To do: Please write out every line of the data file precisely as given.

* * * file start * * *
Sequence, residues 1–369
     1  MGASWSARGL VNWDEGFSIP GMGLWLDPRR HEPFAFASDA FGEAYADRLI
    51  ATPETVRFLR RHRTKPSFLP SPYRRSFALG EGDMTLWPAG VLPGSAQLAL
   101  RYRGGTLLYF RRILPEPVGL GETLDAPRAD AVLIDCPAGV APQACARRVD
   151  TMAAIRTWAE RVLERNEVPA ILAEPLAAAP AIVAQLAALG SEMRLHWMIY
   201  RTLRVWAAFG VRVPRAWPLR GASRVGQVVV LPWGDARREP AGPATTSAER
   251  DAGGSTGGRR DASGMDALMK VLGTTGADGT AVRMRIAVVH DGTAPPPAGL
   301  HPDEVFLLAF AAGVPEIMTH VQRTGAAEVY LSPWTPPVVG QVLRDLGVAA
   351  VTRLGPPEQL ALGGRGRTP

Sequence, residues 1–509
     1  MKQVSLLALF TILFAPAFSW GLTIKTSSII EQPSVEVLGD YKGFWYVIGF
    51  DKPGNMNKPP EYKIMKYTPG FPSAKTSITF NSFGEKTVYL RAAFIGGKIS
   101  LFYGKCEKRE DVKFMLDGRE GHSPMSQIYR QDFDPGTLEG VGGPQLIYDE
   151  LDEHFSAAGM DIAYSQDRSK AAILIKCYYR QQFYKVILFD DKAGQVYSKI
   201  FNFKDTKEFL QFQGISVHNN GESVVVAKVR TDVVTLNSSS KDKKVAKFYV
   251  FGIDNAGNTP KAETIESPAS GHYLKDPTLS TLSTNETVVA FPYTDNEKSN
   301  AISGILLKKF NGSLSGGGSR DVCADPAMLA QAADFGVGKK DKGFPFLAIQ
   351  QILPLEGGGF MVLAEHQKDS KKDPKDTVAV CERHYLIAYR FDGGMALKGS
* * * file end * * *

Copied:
Sequence, residues 1–369
     1  MGASWSARGL VNWDEGFSIP GMGLWLDPRR HEPFAFASDA FGEAYADRLI
    51  ATPETVRFLR RHRTKPSFLP SPYRRSFALG EGDMTLWPAG VLPGSAQLAL
   101  RYRGGTLLYF RRILPEPVGL GETLDAPRAD AVLIDCPAGV APQACARRVD
   151  TMAAIRTWAE RVLERNEVPA ILAEPLAAAP AIVAQLAALG SEMRLHWMIY
   201  RTLRVWAAFG VRVPRAWPLR GASRVGQVVV LPWGDARREP AGPATTSAER
   251  DAGGSTGGRR DASGMDALMK VLGTTGADGT AVRMRIAVVH DGTAPPPAGL
   301  HPDEVFLLAF AAGVPEIMTH VQRTGAAEVY LSPWTPPVVG QVLRDLGVAA
   351  VTRLGPPEQL ALGGRGRTP

Sequence, residues 1–509
     1  MKQVSLLALF TILFAPAFSW GLTIKTSSII EQPSVEVLGD YKGFWYVIGF
    51  DKPGNMNKPP EYKIMKYTPG FPSAKTSITF NSFGEKTVYL RAAFIGGKIS
   101  LFYGKCEKRE DVKFMLDGRE GHSPMSQIYR QDFDPGTLEG VGGPQLIYDE
   151  LDEHFSAAGM DIAYSQDRSK AAILIKCYYR QQFYKVILFD DKAGQVYSKI
   201  FNFKDTKEFL QFQGISVHNN GESVVVAKVR TDVVTLNSSS KDKKVAKFYV
   251  FGIDNAGNTP KAETIESPAS GHYLKDPTLS TLSTNETVVA FPYTDNEKSN
   301  AISGILLKKF NGSLSGGGSR DVCADPAMLA QAADFGVGKK DKGFPFLAIQ
   351  QILPLEGGGF MVLAEHQKDS KKDPKDTVAV CERHYLIAYR FDGGMALKGS